BROWNSBURG — Churches throughout Central Indiana are taking precautions to help protect their members against the coronavirus.
At Connection Pointe Christian Church in Brownsburg, they’re making changes to help their congregation feel safe and prevent the spread of germs. Connection Pointe is located in Hendricks County, where the second confirmed case of COVID-19 in our state was announced Sunday.
For many Hoosiers, Sundays are a time to worship — but gathering thousands of people in one spot also means the potential for germs to spread. Leaders at the church are taking extra precautions by offering extra hand sanitizing stations, posting additional signage reminding people to wash hands, wiping down door handles between services and encouraging volunteers to wave rather than hug or shake hands.
"Anytime you have a situation where people are concerned about health, we just want people to know that we care and we are making changes to help them feel safe," communications director Jenn Storey said. “We’re just kind of upping what we’re doing and taking extra precautions so that people can continue to feel safe and in an environment that is truly here to give them hope.”
Julie Barker attends Connection Pointe and is glad to see the new measures in place.
“I think it’s awesome, and it allows people to feel comfortable,” Barker said.
Barker interacts with guests who are watching the church’s services online. Connection Pointe now livestreams three services a weekend, which is an option for guests amid coronavirus concerns.
"If they're feeling ill, they can join us online and can have the same experience,” Barker said. “If they can still join in person we'd love to have them."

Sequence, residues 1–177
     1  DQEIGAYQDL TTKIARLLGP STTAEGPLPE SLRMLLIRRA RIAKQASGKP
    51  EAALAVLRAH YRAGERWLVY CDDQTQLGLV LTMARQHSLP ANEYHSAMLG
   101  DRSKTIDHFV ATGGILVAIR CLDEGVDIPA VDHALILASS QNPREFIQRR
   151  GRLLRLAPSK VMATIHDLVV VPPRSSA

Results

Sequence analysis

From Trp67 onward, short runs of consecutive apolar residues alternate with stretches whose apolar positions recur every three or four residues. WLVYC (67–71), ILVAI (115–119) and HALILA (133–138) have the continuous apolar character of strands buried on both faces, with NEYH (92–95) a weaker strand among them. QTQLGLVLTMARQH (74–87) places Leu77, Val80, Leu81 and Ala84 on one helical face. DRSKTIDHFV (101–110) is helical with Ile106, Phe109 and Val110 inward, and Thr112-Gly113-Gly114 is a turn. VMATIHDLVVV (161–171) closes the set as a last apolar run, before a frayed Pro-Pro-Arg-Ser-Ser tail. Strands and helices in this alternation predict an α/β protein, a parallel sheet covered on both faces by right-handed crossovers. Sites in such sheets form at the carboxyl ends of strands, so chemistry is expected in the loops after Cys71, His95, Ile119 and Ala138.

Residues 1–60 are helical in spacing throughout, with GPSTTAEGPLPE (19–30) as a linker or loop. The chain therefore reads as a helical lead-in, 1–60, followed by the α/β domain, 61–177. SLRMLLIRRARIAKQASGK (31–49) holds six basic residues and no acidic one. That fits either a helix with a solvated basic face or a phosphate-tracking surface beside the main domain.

The CDC recommends staying home if you’re sick, especially if you’re exhibiting coronavirus symptoms like fever, cough and shortness of breath.
Pastor John Dickerson spoke with the congregation Sunday about the coronavirus and reminded guests they do not have to take communion if they don’t feel comfortable.
"We just want to give you permission and peace that if you pass that tray on and you decide not to take it — guess what, you're not going to hell,” Dickerson said in a video message shared with the congregation Sunday.
Next week, the church is making changes to communion.
"We will actually have it encapsulated so people can take communion on their own,” Storey said. “We don't want to have a sense of fear by any means and that's not what God would want us to do either."
The church shared its extra precautions with its members via email and social media. They plan to continue the practices through June and then church leaders will re-evaluate at that point.